Development in History
Manual Medicine is an ancient part of the natural medicine of many nations and is mentioned long before Christ. Hippocrates already described the spine as a central corporal controlling organ.
There were records of manual treatments at Galen and Hildegard of Bingen. Knowledge of manual techniques was lost in medical education towards the end of the middle ages. It was now used mainly by lay therapists.
Manual medicine appeared in the 19th Century by the American doctor Atkinson. His students included Still, founder of the osteopathic school and Palmer, founder of the chiropractic school.
Still developed a theory according to which the spine occupies a key position in all diseases. He believed that from even the slightest misalignment of a vertebra over a compression of the blood and lymph vessels caused a local decreased blood flow and thus weak defense of the organism.That would result in disease. The manual removal of this malposition should lead to a normalization of the blood flow and thus a reconstruction of the immune system.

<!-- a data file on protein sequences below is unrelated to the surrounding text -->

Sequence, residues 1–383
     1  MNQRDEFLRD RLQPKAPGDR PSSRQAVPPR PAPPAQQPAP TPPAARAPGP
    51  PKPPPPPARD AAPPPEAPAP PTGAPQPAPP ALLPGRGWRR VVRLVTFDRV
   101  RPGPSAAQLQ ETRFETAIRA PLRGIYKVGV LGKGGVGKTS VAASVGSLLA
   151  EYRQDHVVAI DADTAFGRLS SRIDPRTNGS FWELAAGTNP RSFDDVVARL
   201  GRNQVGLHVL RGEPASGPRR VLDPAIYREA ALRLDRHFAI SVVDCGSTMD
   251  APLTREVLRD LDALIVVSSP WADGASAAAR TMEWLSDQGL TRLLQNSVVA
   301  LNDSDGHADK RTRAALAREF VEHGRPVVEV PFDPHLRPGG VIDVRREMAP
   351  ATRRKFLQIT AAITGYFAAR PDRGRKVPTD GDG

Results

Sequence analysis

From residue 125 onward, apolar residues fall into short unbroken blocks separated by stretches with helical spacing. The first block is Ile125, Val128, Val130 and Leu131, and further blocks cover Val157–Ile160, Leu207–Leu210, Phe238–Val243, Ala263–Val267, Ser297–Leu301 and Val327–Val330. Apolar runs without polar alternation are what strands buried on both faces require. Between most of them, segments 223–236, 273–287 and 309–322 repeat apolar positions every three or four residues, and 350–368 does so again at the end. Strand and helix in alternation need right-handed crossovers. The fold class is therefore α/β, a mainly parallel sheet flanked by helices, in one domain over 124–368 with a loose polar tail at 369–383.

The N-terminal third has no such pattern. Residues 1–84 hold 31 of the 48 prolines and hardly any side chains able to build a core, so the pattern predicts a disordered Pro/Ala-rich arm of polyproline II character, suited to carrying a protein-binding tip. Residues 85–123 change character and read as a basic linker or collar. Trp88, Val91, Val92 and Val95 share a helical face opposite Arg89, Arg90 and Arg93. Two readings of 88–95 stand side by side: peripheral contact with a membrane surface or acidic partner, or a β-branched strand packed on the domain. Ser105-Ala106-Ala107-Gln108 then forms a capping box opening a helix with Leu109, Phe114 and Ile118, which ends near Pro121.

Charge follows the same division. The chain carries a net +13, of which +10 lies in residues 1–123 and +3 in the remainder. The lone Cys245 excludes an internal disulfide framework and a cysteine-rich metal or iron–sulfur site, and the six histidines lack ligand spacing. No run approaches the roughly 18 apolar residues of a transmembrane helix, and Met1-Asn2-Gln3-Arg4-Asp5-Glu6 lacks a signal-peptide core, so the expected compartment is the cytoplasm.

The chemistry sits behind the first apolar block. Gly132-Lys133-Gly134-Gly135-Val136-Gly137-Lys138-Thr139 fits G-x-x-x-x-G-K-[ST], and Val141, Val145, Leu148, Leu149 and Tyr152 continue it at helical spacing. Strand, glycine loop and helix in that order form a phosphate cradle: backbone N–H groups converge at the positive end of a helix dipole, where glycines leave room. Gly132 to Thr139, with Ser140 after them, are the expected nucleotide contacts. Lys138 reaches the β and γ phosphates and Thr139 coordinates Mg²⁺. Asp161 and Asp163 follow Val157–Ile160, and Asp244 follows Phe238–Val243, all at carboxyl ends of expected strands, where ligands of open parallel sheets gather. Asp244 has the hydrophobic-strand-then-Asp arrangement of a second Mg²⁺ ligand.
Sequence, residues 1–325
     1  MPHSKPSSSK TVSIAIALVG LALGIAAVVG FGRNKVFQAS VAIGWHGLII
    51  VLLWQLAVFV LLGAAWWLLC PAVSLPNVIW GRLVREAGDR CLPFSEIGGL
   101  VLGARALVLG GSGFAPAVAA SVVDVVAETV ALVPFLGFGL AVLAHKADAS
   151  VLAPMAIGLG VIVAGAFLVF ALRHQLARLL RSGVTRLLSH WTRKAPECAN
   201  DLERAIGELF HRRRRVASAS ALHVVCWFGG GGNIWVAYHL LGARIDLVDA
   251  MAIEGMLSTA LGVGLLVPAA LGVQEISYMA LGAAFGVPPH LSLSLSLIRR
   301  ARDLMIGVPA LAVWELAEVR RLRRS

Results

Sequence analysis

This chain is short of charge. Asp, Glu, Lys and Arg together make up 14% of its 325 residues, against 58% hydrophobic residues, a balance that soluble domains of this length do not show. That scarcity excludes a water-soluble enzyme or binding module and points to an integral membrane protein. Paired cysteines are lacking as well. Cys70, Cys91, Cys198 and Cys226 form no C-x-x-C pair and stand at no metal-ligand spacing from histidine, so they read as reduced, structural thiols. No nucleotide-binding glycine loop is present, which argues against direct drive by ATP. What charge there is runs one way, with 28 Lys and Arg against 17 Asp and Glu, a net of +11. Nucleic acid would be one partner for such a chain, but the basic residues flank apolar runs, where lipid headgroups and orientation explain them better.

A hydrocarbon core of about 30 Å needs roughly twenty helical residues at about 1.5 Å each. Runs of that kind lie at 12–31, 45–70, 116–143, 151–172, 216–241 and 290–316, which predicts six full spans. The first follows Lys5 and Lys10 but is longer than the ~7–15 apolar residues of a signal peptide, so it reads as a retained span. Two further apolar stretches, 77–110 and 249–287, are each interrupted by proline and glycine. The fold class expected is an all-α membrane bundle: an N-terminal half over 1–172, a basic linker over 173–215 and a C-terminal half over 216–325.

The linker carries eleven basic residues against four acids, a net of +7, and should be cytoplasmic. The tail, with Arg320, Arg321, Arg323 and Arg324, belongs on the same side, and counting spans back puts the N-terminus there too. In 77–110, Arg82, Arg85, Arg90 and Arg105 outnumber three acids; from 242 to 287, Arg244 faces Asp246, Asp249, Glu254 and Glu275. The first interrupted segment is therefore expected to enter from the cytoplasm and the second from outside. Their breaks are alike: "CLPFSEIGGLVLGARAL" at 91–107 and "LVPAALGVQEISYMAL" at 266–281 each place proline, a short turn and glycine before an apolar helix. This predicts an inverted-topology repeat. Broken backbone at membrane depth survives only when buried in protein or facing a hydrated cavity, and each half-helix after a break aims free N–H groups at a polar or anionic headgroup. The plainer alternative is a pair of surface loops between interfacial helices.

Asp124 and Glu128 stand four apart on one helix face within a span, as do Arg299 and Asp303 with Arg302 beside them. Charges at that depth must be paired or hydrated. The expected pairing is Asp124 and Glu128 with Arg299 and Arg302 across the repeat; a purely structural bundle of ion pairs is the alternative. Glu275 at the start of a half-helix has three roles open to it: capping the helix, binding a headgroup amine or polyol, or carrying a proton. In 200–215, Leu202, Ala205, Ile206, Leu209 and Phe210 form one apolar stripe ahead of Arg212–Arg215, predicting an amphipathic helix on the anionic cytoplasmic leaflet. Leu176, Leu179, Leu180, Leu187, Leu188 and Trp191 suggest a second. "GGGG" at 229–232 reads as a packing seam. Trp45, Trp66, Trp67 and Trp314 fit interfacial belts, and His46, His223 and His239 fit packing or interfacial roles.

Palmer‘s theory describes that the vertebra, at the limit of its normal flexibility remains fixed and can not spontaneously reach its zero point of the resting stage. This vertebral displacement can narrow nerve structures. Its compression can lead to pain caused by the changes in the conductivity of nerves.
In Germany the substantial development of manual medicine continued only after 1945. The Sell'sche school in Isny developed the chiropractic technique under current consideration of empirical and neurophysiological research results. Doctors can learn their manual therapy training here today. I have worked there as an instructor for several years now.